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Lowa tree planting
Tree planting is an incredible and necessary global initiative to save the Earth from global warming. Trees absorb carbon dioxide and release oxygen, making them crucial assets of our world. Here at Iowa Tree Planting, their mission is to plant more trees at home and beyond, to prevent irreversible global warming and climate change Tree-planting is the process of transplanting tree seedlings, generally for forestry, land reclamation, or landscaping purpose. It differs from the transplantation of larger trees in arboriculture, and from the lower cost but slower and less reliable distribution of tree seeds.
Trees contribute to their environment over long periods of time by providing oxygen, improving air quality, climate amelioration, conserving water, preserving soil, and supporting wildlife. During the process of photosynthesis, trees take in carbon dioxide and produce the oxygen we breathe.
In silviculture the activity is known as reforestation, or afforestation, depending on whether the area being planted has or has not recently been forested. It involves planting seedlings over an area of land where the forest has been harvested or damaged by fire, disease or human activity. Tree planting is carried out in many different parts of the world, and strategies may differ widely across nations and regions and among individual reforestation companies.
Reason for Tree planting
- Trees hold soil in place
- Trees sequester carbon dioxide
- Trees produce oxygen
- Some animals are dependent upon trees
- Trees make cities more livable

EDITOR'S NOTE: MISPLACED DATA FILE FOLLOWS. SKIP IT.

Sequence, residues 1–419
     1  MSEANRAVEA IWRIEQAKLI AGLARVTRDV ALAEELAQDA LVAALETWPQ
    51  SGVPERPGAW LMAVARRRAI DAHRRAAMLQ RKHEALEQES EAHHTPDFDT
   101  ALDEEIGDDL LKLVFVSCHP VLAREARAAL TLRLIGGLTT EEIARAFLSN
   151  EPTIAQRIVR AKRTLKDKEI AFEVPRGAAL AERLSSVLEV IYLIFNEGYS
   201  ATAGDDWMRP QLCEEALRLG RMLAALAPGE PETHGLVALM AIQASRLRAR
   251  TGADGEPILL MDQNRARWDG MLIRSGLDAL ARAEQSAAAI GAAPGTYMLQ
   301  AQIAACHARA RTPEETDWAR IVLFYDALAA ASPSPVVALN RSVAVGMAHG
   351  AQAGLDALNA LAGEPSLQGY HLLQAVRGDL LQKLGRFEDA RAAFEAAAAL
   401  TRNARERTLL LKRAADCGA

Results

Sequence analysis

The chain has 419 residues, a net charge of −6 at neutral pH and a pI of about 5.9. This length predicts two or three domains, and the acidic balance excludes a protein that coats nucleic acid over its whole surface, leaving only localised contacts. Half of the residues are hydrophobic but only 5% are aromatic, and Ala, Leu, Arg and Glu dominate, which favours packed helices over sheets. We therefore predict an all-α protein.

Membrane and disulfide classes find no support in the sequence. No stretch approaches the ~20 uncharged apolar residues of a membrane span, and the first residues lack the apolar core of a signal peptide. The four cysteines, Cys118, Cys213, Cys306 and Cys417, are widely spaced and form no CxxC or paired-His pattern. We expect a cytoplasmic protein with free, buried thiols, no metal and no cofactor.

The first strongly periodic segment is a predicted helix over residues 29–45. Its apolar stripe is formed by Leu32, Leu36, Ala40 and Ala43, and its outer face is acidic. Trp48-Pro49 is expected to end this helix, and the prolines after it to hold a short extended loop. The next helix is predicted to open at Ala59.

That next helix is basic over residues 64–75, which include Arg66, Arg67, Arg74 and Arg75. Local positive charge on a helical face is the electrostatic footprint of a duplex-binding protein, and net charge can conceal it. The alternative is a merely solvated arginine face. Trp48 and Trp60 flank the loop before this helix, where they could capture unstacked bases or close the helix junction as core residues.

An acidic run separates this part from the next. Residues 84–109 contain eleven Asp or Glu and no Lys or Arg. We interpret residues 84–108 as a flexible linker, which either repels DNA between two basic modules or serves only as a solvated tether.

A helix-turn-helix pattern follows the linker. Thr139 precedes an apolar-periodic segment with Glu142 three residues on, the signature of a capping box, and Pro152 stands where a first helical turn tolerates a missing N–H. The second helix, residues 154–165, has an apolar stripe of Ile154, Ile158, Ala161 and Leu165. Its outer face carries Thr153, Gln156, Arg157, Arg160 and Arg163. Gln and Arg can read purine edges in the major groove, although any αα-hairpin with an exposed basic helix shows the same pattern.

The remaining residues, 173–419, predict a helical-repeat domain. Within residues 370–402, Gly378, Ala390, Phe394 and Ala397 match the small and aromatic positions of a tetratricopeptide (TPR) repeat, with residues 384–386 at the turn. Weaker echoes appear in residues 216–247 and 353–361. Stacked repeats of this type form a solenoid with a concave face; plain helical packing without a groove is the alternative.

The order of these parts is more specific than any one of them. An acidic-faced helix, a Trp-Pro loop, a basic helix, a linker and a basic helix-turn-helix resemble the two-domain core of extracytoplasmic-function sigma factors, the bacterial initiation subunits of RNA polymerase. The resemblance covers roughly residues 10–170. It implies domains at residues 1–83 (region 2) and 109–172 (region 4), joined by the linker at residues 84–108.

- Trees increase property values
- Trees help to save energy
- Trees are important for physical and mental wellness
- Trees feed us
Environment of Iowa
The environment of Iowa has been heavily affected by agricultural production since it became a U.S. state in 1846. However, there remain natural areas in Iowa that reflect a wide varieties of environmental niches. There is a dearth of natural areas in Iowa; less than 1% of the tallgrass prairie that once covered most of Iowa remain intact, only about 5% of the state’s prairie pothole wetlands remain, and most of the original forest has been lost. Iowa ranks 49th of U.S. states in public land holdings.
Iowa Tree Planting
Sixty-one percent of the 2.9 million Iowans live in urban or community settings, and trees play a major, but often silent role in their lives. Trees along our streets, in our parks and public areas, natural areas, and in private yards, provide a wide range of benefits. Used properly, they improve the air we breathe, beautify the environment, provide wildlife habitat, reduce energy consumption during summer and winter, enhance our self-image, and generally make Iowa communities a more pleasant place to work and live. In 1990, for tree planting in Iowa the Iowa Urban and Community Forestry Council was established to provide guidance to the urban/ community forestry movement through educational training, volunteer coordination, and tech IOWA URBAN AND COMMUNITY FORESTRY COUNCIL Community Tree Planting and Care Guide. Nicely assistance. Presented here are the current recommendations of the Iowa Urban and Community Forestry Council and Iowa State University for tree selection, planting, and after-care. Take this booklet along as you plan, plant, and care for trees that will become tomorrow’s community forest.